By LAURIE WURTH PRESSEL
To be a gardener is to be a lifelong learner. Every new growing season provides the opportunity to grow in knowledge, patience and appreciation of the natural world.
Whether you’ve gardened for one year or for 50 years, you may find these gardening words of wisdom from Hancock County Master Gardener Volunteers helpful as you prepare for the 2019 growing season.
• “Plant the right plant in the right place. Do some research before you purchase and dig. When you make mistakes, remind yourself that plants are forgiving.” — Peggy Biolchini
• “The best gardening tools are not always gardening tools. My best weeding and edging tools is a cement trowel. The sharp edges make edging easy. The point allows you to dig out weeds close to the center of the plant.” — Bob Campbell
• “Be patient when planting perennials, trees and shrubs. The first year in the ground they sleep, the second they creep, and the third they leap. It truly takes three years for a perennial to show its true mature beauty.” — Cheryl Miller
• “If you have a plant you love to grow in your landscape every year, but it doesn’t survive our winters, try bringing the whole plant inside for the winter or experiment with taking cuttings.” — Lynn Farwig
• “Learn about phenology, which is the relationship between climate and recurring biological events. Check out the Ohio State University’s GDD (growing degree day) calendar (www.oardc.ohio-state.edu/gdd/) where you can find out when important events will occur every growing season. For example, you can learn the date the adult Japanese beetle will hatch, and if you capture the first ones, you can prevent further infestation and damage to your plants.” — Rose Morrison
• “Spend a little time each day working in the garden. Pick a particular section of your garden and weed, deadhead, etc. That way you won’t become overwhelmed and it makes gardening more pleasurable.” — Marilyn Beltz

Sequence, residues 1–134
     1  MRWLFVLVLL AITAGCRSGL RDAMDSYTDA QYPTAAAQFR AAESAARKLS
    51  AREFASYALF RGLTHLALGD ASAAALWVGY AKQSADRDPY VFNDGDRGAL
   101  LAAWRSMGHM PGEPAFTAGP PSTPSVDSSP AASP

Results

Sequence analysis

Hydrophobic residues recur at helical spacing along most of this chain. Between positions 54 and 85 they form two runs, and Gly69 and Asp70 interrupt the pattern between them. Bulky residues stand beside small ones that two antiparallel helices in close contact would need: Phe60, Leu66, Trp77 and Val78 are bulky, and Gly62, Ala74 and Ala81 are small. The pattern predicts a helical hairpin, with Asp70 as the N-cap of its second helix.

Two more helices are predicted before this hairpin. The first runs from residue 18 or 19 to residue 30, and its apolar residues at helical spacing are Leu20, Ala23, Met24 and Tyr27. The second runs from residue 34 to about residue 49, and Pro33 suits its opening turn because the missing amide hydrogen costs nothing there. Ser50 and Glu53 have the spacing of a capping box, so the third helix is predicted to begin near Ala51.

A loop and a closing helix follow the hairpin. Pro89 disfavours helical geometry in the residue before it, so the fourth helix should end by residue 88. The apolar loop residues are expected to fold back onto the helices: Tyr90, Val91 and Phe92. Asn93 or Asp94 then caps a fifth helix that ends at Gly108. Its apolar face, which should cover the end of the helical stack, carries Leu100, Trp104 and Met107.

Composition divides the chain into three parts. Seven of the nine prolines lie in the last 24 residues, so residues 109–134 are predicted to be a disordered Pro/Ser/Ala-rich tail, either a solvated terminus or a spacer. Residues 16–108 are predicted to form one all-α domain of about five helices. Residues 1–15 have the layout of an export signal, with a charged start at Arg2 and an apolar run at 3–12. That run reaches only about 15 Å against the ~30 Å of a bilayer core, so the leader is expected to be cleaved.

• “Don’t be too eager to plant your garden in the spring. If you plant when the soil temperature is too cold, the plants will tend to struggle and they won’t grow as fast. Plants that are planted at the right time — when the soil temperature is warmer — will outproduce plants planted earlier and the quality is much better.” — Patrick Flynn
• “If you don’t like a shrub or plant where you have planted it — maybe it just doesn’t look right — dig it up and replant it somewhere else. Just avoid replanting in the heart of summer when the heat will cause stress on the plant, and make sure you keep it well watered for that first year after replanting.” — Barb Sherman
• “Don’t plant more than you can care for, but do plant some early (peas, beans) and late (cabbage, potatoes) crops and even plant a second crop. Raise plants that have done well in the past, but experiment with a couple new varieties each year. Weed promptly. Be patient: Don’t harvest too early and spoil the richness of the crop. Most of all, have a fence to keep large critters out, and look out daily for smaller pests to rid quickly.” — Tim Brugeman
• “Mulching between rows of your garden will decrease the amount of weeding you have to do. Straw, grass clippings or dried leaves can be used.” — Judi Clymer
• “Mow your lawn to height of at least 3.25 to reduce weeds and to have a greener, healthier lawn. Fertilize your lawn at least two times a year with 1 pound of nitrogen per 1,000 square feet of lawn (around Memorial Day and Halloween).” — Bill Jones
For more gardening wisdom, follow the Master Gardeners of Hancock County on Facebook. We’ll post a new tip every day remaining in January! We hope 2019 is a joyful and abundant growing season for you!
Wurth Pressel is an Ohio State University Extension Master Gardener Volunteer in Hancock County. Follow the Master Gardener Volunteers on Facebook at “Master Gardeners of Hancock County Ohio.”